Read from April 16 to 19, 2016
Description: When a city councilman is gunned down, Rene Shade refuses to write off his death as a burglary-homicide as he is ordered to do. Now, Shade's quest for the truth leads him on a chilling chase through a treacherous swamp of leeches and cottonmouths--while dodging his own unresolved past.
Opening: Jewel Cobb had long been a legendary killer in his midnight reveries and now he'd come to the big town to prove that his upright version knew the same techniques and was just as cold. He sat on the lumpy green couch tapping his feet in time with a guitar he scratched at with sullen incompetence.
Looking at Woodrell's text is like looking at those visual picture puzzles. You have to look through the oddly cobbled together phrases to catch the story, and it is a kind of wonderment when it works on a personal level. The real knack is deciphering the conversations, staccatoed brevity is my take on most of the grunting intercourse, yet it all works.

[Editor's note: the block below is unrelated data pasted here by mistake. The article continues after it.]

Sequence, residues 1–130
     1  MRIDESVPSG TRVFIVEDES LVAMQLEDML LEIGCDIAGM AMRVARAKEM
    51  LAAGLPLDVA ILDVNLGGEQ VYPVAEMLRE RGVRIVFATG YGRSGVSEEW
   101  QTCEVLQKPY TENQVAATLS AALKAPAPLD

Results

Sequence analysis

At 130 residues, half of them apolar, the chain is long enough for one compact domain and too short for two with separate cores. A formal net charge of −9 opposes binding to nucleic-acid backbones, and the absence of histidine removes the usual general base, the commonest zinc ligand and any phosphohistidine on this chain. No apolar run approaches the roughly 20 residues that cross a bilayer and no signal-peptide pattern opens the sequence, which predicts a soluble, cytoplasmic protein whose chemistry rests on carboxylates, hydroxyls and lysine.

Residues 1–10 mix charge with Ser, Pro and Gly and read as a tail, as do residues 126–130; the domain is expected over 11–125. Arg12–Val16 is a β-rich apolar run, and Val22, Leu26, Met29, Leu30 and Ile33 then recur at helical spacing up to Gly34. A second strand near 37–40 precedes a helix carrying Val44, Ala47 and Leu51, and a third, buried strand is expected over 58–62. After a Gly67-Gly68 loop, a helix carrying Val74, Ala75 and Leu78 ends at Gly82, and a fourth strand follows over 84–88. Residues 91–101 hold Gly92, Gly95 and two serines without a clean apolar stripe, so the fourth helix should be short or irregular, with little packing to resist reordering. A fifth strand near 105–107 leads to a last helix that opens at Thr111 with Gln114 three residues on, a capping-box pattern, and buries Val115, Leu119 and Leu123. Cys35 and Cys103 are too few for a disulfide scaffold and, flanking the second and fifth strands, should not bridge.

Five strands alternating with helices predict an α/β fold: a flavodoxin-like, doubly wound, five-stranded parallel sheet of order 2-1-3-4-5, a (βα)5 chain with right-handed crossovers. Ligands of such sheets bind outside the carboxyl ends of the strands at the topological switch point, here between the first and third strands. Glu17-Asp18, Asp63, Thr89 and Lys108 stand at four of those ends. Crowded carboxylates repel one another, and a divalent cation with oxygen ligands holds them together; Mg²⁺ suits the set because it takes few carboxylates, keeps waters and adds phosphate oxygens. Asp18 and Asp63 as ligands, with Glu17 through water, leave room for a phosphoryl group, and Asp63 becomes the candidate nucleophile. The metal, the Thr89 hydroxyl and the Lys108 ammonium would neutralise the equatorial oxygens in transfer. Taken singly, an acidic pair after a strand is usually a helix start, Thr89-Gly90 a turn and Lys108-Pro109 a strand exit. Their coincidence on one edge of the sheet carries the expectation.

This is a sad, sick tale of assassination, pornography, politics, and kids who just don't know any better.
Coal bins lined the tracks, providing a haven for those rambling men who couldn't spare the buck for a flop and refused to perjure themselves on the God issue for the payoff bowl of soup and green-blanketed bunk. Urban Darwinism was at work in the grim light of this place, and the mean got over with their no-limit rage, while the weak went under, silently."
Got to love that Urban Darwinism.